Mukherjee, Bumba and Ore Koren. 2018. The Politics of Mass Killing in Autocratic Regimes. Cham, Switzerland: Palgrave Macmillan/Springer-Nature.
This book develops a detailed, disaggregated theoretical and empirical framework that explains variations in mass killing by authoritarian regimes globally, with a specific focus on Pakistan, Indonesia, and Malaysia. Using a combination of game-theoretic, statistical, and qualitative approaches, this project explicates when civilians within nondemocratic states will mobilize against the ruling elite, and when such mobilization will result in mass killing. In doing so, it illustrates the important role urbanization and food insecurity historically played, and will continue to play, in generating extreme forms of civilian victimization.
Why do rebellions occur and persist in some countries but not in others? Evidence shows that natural resources affect the fighting capacity of rebel groups, yet by focusing on lucrative resources that are rare in most rebellion-afflicted countries, such as oil and diamonds, scholars neglected one necessary input for rebellion: staple crops. Focusing on maize, the world’s most prevalent staple, this study argues that, as one of the most important resources for rebel groups, maize can have a destabilizing effect on the state’s ability to thwart rebellion. These claims are corroborated statistically on a new time-varying, high-resolution global dataset of staple crop productivity, and then qualitatively through analysis of archival records on the Mau Mau rebellion. In identifying an overlooked, global linkage between agricultural abundance, state capacity, and intrastate violence, this study explains strong geographical and temporal variations in rebellions at both the subnational and global levels.
Koren, Ore. 2018. “Food Abundance and Violent Conflict in Africa.” American Journal of Agricultural Economics 100(4): 981-1006.
Scholars debate whether climate change has a consistent effect on the likelihood of armed conflict in Africa. One major pathway by which climatic variability is hypothesized to increase conflict is by decreasing food availability. However, limitations on food access at both the local and national level in many developing African countries force most armed groups and communities to depend on locally produced food. These actors are therefore likely to use violence to establish control over more food resources or be stationed where more food is available, suggesting that food abundance might also be driving conflict. The present study employs novel data on wheat and maize yields in Africa measured at the very local level to empirically evaluate this hypothesis on a highly disaggregated conflict indicator. To account for the endogenous relationship between conflict and food production, average local levels of drought are used as an instrument. The findings show that, contrary to previous expectations, conflict is driven by higher yields, on average, and not by scarcity.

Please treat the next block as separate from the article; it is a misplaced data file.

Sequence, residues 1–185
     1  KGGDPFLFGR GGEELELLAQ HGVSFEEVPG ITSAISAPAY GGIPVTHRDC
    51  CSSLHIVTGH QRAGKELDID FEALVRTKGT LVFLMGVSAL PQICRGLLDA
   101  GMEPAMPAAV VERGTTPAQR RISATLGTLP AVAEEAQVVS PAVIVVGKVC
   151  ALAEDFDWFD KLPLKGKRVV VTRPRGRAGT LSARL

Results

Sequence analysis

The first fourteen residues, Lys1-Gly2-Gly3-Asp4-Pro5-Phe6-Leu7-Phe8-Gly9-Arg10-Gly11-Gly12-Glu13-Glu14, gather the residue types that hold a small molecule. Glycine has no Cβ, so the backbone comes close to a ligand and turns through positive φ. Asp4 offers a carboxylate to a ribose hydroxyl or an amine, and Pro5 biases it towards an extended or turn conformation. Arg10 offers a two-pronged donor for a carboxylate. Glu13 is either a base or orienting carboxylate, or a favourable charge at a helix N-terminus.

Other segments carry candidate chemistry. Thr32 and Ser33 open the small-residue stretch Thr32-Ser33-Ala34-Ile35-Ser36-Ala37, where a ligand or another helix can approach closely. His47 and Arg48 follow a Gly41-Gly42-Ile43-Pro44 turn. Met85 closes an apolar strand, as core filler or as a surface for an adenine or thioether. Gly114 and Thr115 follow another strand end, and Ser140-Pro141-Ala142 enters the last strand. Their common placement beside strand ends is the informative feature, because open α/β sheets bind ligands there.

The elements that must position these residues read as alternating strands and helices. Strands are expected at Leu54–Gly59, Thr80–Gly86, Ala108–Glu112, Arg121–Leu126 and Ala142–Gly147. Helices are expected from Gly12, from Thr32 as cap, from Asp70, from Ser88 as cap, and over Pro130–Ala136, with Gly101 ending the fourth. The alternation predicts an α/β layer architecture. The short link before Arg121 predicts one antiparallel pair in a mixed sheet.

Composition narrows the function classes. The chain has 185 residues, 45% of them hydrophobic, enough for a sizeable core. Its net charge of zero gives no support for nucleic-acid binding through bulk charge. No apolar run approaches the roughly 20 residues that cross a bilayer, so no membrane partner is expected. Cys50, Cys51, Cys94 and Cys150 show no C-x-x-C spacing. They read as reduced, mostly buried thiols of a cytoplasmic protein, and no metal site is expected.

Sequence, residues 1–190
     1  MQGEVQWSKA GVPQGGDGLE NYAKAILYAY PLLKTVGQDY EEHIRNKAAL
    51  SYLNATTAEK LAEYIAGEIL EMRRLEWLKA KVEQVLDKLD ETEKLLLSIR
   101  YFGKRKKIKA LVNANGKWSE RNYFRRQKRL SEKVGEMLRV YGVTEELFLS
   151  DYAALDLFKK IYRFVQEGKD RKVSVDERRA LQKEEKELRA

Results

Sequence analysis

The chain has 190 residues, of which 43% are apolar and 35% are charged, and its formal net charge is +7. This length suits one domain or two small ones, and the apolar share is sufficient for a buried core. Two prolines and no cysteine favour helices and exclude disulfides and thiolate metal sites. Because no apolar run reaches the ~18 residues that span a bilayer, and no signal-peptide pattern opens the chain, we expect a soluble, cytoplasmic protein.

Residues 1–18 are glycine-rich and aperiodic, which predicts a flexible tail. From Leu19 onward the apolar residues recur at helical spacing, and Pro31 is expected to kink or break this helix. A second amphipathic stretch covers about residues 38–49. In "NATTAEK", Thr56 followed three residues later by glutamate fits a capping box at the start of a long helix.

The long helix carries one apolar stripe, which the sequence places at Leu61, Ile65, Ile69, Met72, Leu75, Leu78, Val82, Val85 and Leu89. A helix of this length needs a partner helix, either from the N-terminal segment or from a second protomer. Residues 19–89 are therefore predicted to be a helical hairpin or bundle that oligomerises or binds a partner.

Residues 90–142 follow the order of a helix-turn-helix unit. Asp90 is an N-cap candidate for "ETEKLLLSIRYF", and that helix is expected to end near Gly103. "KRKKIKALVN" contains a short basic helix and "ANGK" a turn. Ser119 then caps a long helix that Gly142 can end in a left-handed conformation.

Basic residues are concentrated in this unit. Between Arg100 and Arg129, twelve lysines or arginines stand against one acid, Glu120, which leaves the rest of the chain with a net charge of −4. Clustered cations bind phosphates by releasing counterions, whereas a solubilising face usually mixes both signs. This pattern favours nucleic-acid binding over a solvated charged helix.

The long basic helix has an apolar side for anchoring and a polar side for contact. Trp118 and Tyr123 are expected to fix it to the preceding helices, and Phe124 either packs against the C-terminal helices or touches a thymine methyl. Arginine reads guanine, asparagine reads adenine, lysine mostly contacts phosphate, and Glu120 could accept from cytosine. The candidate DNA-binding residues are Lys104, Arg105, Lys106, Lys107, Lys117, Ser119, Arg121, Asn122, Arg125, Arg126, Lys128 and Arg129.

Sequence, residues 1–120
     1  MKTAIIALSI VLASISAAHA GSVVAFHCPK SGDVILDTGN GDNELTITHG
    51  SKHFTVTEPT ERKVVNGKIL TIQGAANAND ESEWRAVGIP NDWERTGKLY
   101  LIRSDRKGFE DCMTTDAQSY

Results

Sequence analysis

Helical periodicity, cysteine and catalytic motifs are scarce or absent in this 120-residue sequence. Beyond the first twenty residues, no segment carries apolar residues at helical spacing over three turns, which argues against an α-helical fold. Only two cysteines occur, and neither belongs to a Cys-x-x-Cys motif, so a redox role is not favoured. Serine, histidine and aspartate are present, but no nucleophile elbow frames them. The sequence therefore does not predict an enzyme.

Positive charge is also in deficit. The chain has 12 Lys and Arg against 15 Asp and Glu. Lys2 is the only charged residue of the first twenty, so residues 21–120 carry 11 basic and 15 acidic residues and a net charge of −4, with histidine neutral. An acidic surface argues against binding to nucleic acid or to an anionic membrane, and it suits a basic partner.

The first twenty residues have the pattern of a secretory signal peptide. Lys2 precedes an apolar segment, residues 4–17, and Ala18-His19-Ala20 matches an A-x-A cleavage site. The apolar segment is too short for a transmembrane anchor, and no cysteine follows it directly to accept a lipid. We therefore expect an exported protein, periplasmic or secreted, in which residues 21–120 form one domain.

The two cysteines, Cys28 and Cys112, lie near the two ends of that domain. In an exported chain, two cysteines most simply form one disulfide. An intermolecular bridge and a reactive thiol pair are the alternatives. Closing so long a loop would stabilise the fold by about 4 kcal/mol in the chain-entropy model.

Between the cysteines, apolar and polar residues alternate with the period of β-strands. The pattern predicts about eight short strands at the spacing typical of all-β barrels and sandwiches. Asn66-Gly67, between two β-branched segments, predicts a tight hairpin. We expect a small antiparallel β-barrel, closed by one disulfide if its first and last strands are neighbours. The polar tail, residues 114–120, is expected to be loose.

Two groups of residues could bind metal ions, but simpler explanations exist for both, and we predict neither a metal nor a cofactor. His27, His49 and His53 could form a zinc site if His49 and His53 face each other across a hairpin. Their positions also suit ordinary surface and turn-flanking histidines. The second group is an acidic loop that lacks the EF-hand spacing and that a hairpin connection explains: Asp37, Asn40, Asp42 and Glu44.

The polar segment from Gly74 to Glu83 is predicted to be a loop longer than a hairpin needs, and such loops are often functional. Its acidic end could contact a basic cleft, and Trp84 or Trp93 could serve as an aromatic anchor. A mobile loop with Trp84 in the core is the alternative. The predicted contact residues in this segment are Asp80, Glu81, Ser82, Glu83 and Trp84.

Koren, Ore, and Anoop Sarbahi. 2018. “State Capacity, Insurgency and Civil War: A Disaggregated Analysis.” International Studies Quarterly 62(2): 274-288.
Country-level indicators such as gross domestic product, bureaucratic quality, and military spending are frequently used to approximate state capacity. These factors capture the aggregate level of state capacity, but do not adequately approximate the actual distribution of capacity within states. Intra-state variations in state capacity are critical to understanding the relationship between state capacity and civil war. We offer nighttime light emissions as a measure of state capacity to differentiate its impact on civil war onset within the country from its effect at the country level. We articulate pathways linking the distribution of nighttime light with the expansion of state capacity, and validate our indicator against other measures at different levels of disaggregation across multiple contexts. Contrary to conventional wisdom, we find that civil wars are more likely to erupt where the state exercises more control. We advance three mechanisms accounting for this counterintuitive finding: rebel gravitation, elite fragmentation, and expansion reaction. In the first scenario, state presence attracts insurgent activities. In the second, insurgents emerge as a result of the fragmentation of political elites. In the third, anti-state groups react violently to the state penetrating into a given territory. Finally, we validate these mechanisms using evidence from sub-Saharan Africa.
Koren, Ore. 2017. “Why Insurgents Kill Civilians in Capital Cities: A Disaggregated Analysis of Mechanisms and Trends.” Political Geography 61: 237-252.
Research into the causes of violence against civilians has increased significantly in recent years, yet the mechanisms governing spatial patterns of victimization remain poorly under- stood. My investigation explores if and why one specific locality, capital cities, experiences a higher frequency of violence against civilians perpetrated by armed insurgent organizations. I argue that the political value associated with capitals allows these groups to asymmetrically impose higher costs on the regime by targeting civilians in these localities. I lay out and val- idate three specific mechanisms to explain this pattern: elite coercion, popular intimidation, and international persuasion. In the first scenario insurgents aim to influence domestic elites directly. In the second, they aim is to affect domestic civilians’ resolve. In the third, they seek to influence international audiences. Using new geolocated global atrocities data for the years 1996-2009, I evaluate this linkage by employing different methodological approaches and accounting for potential reporting biases. Finally, I show that ethnic and secessionist wars are more likely to experience atrocities in the capital compared with other conflicts. The findings illustrate potential benefits from explaining the temporal and spatial variation in violence by insurgents, with a focus on strategic conditions and power asymmetries.
Koren, Ore, and Benjamin E. Bagozzi. 2017. “Living Off The Land: The Connection between Cropland, Food Security, and Violence against Civilians.” Journal of Peace Research 54(3): 351-364.